Press Release 25 April 2019
Sahabat Alam Malaysia (SAM) supports the New Straits Times editorial published on April 24, 2019, titled, NST Leader: “A meaningful future for the community.”
The editorial was written in conjunction with the recently held 2019 Orang Asli Convention, where the Prime Minister announced the plan to develop a National Orang Asli Development Blueprint.
SAM welcomes the announcement of the blueprint and shares the view that such a national plan is long overdue.
The editorial raises at least three important points that must be taken into account in order to ensure that the blueprint will meaningfully serve its purpose.
First, the development of the blueprint requires comprehensive consultations with the Orang Asli community themselves.
Second, it must envision development which complements the lives and culture of the community and does not harm the cultural norms that they wish to maintain. The Orang Asli community must no longer be labelled as anti-development just because they oppose the destruction of their customary forests, which threatens their way of life.
Third, a balanced development must recognise the centrality of protecting the Orang Asli customary land rights.
The Orang Asli community clearly know what is best for them, for they are the last remaining guardians of our forests. Today, they continue to sustainably utilise the forests and other natural resources in ways that modern society has even not fully comprehended.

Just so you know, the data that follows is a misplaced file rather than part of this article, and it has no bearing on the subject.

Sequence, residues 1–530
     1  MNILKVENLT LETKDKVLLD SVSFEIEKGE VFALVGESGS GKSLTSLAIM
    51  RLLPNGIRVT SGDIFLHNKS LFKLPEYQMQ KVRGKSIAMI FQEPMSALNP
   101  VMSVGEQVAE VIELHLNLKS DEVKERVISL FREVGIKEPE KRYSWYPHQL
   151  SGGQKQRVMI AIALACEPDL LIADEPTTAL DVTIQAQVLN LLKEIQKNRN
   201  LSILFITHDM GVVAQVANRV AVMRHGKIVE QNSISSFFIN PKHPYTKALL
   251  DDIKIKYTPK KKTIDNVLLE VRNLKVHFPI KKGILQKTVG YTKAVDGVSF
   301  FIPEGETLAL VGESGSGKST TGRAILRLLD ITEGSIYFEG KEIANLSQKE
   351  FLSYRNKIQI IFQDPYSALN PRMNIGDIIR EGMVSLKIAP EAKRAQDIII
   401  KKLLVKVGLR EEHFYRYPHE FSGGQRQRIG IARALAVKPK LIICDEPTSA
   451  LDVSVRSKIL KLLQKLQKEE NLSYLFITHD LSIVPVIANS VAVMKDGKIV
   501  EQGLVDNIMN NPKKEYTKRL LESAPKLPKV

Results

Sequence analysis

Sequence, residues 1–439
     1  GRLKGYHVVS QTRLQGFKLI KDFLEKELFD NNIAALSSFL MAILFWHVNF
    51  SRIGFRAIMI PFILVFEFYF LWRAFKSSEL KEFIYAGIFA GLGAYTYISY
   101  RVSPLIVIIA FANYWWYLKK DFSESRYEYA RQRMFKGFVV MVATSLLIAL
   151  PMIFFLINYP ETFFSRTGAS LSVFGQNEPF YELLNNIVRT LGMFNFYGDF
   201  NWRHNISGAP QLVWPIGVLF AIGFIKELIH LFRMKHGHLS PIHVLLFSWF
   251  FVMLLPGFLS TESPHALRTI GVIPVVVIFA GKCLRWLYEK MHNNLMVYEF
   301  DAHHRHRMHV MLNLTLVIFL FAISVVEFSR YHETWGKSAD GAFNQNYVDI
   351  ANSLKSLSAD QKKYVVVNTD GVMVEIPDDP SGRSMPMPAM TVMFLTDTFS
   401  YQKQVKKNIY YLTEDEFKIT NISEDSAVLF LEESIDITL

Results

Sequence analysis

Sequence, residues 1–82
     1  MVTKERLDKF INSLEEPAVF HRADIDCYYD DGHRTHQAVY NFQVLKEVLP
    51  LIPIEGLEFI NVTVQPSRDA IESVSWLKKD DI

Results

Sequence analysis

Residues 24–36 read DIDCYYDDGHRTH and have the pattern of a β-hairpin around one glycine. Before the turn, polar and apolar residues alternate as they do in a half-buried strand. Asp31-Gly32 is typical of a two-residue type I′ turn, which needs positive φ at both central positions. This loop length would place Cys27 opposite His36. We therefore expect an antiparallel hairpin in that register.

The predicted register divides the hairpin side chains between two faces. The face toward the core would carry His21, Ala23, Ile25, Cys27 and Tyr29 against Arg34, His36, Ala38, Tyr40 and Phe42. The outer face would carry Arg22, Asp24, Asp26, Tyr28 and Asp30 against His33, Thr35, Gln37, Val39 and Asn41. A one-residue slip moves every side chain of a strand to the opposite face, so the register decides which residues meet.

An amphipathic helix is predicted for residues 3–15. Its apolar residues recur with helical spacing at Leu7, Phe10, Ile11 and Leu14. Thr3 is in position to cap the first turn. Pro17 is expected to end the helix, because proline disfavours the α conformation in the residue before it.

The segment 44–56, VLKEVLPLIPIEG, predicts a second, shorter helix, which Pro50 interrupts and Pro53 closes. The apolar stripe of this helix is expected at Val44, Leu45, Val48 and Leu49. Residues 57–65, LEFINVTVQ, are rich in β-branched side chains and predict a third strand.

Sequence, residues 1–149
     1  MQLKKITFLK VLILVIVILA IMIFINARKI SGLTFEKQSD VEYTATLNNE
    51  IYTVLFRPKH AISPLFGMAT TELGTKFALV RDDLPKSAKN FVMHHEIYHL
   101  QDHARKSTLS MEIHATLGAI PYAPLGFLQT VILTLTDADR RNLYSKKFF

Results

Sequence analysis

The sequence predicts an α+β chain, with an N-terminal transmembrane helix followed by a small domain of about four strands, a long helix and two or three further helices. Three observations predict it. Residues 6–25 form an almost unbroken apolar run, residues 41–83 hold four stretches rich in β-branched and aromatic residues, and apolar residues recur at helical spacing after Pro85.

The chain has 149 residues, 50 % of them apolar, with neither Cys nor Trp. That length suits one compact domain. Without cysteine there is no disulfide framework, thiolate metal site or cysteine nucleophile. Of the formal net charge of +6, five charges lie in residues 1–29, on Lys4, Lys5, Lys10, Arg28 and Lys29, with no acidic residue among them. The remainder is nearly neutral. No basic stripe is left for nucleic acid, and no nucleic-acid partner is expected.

Consequently, the blueprint must not ignore the importance of integrating the protection of the Orang Asli customary land rights within the governance of our forests, natural resources and environment.
As a Party to the 2007 United Nations Declaration on the Rights of Indigenous Peoples’ (UNDRIP) the government must recognise as stated in the Declaration, “the urgent need to respect and promote the inherent rights of indigenous peoples which derive from their political, economic and social structures and from their cultures, spiritual traditions, histories and philosophies, especially their rights to their lands, territories and resources.”
The blueprint must therefore take into account the various provisions of the UNDRIP and give effect to them, so that the rights of all indigenous peoples, including the Orang Asli, are fully recognised, protected and realised through the actual implementation of the right policies and laws.
In addition, the blueprint must also take into account the 18 recommendations made by SUHAKAM’s Report on the ‘National Inquiry into the Land Rights of Indigenous Peoples in 2013.’ The first of these is the need to recognise the indigenous customary rights to land, by addressing the security of tenure of such rights, ensuring that the various concepts on customary tenure is clarified within our governance system and by providing restitution for the non-recognition of customary land in the past. The final recommendation calls for the establishment of an independent national commission on indigenous peoples.
If the blueprint is able to incorporate these concerns, then the possibility of a meaningful future for the Orang Asli community may finally materialize.
S. M. Mohamed Idris